Most people are familiar with the term, “keeping up with the Joneses” or at the very least recognize the phenomenon that happens with the human psyche, especially here in America, where we constantly compare ourselves with others and then feel like we have to keep up or stay ahead of them. Failing to “keep up with the Joneses” is perceived as demonstrating socio-economic or class inferiority.
But it can sure cost you.
The reality is, you don’t even have to get stuck in this trap to fall “financially behind.” It’s become an all too common cycle, and actually, a majority of individuals and families find themselves in this cash-strapped rut. Your paycheck gets deposited, groceries purchased, bills paid, and then you’re broke again, or watching every penny, until the next payday.
Paycheck to paycheck is an expression used to describe an individual who would be unable to meet financial obligations if unemployed because his or her salary is predominantly devoted to expenses. Nearly 8 out of 10 workers – or 78 percent – live paycheck to paycheck, according to a new survey from CareerBuilder.com. That’s up from 75 percent last year, and it applies even to those making six figures.
Need help? Don’t worry; there is no shortage of self-help guides and videos on the internet. Not to mention posts about best practices in budgeting.
Nearly every one seems to share the same starting strategy: first, track your spending over the course of a few weeks, and two, take a hard look at your expenses and place everything in two categories: needs vs. wants. In the world of economics, that’s called mandatory (i.e., required) vs. discretionary spending (i.e., what you’d like to spend, but really don’t have to.)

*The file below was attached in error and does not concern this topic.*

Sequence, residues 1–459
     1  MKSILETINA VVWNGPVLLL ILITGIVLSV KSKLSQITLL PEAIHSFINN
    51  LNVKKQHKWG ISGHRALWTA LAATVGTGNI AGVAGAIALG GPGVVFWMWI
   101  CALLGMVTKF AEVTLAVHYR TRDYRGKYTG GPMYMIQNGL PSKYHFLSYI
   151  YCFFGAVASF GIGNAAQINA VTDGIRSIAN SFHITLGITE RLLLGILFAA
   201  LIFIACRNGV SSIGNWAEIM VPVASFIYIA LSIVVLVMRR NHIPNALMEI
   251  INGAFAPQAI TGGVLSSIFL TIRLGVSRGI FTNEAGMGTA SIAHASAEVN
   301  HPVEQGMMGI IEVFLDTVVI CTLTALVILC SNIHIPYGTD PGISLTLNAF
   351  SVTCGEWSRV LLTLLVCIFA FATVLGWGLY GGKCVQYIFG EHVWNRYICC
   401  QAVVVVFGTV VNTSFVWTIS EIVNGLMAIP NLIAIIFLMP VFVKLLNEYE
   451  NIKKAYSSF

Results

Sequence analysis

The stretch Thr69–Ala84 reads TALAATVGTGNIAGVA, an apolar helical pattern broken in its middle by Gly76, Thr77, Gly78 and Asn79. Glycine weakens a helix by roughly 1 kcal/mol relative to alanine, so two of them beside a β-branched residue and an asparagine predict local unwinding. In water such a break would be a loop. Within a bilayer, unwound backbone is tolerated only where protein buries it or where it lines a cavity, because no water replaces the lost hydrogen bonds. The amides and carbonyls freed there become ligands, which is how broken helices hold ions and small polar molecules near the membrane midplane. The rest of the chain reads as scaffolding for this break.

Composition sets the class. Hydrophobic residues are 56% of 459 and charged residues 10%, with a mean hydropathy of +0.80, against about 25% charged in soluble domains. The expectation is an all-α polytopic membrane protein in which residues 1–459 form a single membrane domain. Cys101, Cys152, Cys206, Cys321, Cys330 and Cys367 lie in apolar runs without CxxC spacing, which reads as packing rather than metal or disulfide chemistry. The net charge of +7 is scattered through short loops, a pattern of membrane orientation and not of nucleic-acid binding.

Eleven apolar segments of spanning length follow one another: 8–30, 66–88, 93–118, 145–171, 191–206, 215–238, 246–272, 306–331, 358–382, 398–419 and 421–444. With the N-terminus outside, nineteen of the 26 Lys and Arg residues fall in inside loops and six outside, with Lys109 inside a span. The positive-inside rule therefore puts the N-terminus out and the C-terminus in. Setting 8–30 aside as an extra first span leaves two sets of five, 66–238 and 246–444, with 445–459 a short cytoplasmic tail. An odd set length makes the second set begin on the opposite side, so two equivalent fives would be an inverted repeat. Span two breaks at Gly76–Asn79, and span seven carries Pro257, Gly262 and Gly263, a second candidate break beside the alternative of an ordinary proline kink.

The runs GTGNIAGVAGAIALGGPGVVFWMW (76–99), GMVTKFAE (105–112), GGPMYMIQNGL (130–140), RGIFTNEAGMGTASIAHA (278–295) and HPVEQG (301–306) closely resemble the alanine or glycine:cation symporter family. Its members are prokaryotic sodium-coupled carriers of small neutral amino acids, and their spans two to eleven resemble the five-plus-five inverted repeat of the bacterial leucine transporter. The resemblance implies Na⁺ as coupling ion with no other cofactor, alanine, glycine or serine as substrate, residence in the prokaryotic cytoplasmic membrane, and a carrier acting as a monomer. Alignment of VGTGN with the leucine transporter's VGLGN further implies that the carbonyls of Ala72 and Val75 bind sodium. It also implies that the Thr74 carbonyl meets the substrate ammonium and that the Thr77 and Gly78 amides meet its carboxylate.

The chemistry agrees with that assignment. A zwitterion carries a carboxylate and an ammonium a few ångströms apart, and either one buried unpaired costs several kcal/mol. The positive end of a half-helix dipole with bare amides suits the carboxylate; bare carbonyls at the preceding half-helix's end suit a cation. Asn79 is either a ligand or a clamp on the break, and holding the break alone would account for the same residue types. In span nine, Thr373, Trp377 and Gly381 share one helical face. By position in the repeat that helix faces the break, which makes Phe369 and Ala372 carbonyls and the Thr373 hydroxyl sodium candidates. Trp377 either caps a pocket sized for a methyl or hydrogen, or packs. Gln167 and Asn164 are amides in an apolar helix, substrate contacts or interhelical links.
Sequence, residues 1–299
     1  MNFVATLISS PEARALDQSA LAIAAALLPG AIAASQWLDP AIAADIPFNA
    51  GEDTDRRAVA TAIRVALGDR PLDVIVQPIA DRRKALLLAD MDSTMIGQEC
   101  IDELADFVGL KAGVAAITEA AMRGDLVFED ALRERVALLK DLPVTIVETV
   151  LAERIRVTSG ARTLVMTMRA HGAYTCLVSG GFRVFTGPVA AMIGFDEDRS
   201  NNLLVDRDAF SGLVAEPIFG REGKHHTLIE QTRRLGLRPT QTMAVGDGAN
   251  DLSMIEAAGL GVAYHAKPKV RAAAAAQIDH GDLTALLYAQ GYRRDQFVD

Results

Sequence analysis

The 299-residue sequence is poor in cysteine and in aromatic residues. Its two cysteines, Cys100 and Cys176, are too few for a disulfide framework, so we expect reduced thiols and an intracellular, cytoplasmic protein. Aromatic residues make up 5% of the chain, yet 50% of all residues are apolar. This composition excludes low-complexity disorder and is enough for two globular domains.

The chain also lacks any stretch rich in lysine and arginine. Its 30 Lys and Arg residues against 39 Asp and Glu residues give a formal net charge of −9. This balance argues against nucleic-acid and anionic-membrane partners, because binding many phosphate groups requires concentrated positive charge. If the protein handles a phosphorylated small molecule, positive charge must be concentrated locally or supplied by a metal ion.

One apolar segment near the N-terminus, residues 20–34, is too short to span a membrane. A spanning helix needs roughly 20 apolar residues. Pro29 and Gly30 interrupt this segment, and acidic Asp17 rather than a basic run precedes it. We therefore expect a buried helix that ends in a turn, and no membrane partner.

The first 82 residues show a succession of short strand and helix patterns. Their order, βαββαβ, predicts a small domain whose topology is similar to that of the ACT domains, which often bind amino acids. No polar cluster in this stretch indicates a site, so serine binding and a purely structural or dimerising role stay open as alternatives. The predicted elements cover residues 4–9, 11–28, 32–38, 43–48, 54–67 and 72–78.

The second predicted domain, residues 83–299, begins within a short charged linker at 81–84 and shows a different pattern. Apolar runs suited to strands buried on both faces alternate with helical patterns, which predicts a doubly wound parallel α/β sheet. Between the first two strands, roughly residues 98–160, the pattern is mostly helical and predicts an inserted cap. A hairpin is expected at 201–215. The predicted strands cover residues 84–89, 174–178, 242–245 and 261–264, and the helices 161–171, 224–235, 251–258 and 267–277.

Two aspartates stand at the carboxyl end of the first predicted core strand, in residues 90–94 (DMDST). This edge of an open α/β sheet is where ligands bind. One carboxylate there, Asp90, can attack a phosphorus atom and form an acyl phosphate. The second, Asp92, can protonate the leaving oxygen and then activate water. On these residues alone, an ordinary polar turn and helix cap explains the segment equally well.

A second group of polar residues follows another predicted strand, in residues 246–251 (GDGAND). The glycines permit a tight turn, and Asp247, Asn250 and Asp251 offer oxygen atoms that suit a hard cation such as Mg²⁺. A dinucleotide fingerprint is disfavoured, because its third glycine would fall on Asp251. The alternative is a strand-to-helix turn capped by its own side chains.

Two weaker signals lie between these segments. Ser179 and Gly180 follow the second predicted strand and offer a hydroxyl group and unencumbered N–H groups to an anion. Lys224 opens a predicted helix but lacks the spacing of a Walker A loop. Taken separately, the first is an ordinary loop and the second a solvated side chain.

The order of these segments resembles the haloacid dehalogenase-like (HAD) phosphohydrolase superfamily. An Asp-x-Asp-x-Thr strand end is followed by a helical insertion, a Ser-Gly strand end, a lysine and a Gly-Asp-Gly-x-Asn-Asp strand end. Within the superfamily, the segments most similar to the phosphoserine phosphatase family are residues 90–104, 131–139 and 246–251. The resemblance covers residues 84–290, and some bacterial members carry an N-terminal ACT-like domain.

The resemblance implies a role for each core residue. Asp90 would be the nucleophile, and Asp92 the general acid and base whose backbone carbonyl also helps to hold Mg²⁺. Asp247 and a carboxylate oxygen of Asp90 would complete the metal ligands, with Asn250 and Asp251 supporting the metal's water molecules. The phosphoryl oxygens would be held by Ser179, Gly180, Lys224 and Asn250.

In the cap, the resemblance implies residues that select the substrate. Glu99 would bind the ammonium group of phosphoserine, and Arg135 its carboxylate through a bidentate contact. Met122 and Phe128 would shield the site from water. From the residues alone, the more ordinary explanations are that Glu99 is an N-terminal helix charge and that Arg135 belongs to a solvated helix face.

As Kate Ashford, personal finance expert points out, “If you’re putting away adequate savings for your goals and you have a healthy emergency fund, living paycheck to paycheck isn’t necessarily a disaster.”
Unfortunately, nearly 25 percent of Americans have no money saved for an emergency, according to Bankrate, and 20 percent have less than three months of living expenses in the bank.
Some people have taken to “side hustles” in the hopes of making an extra couple bucks — everything from Uber and Lyft to Task Rabbit and tutoring sites. Keep researching ways to save online and you’ll find all kinds of crazy things people are willing to do to squirrel away more money. One even suggested asking for extra condiments, utensils, and napkins at fast-food restaurants as away to save $20 per month.
That may be taking it a little far.
But there is definitely some good news in terms of energy costs. If you haven’t noticed, you’re either living under a rock, or perhaps you don’t own a car, but the price of gas at the pump is nearly at an all-time low. Some compare that to a tax cut, putting money back into your pocket. Not filling up as regular is a plus on both your time and budget and that’s a welcome relief to anyone who is trying to help stretch today’s paycheck just a tad bit further than tomorrow.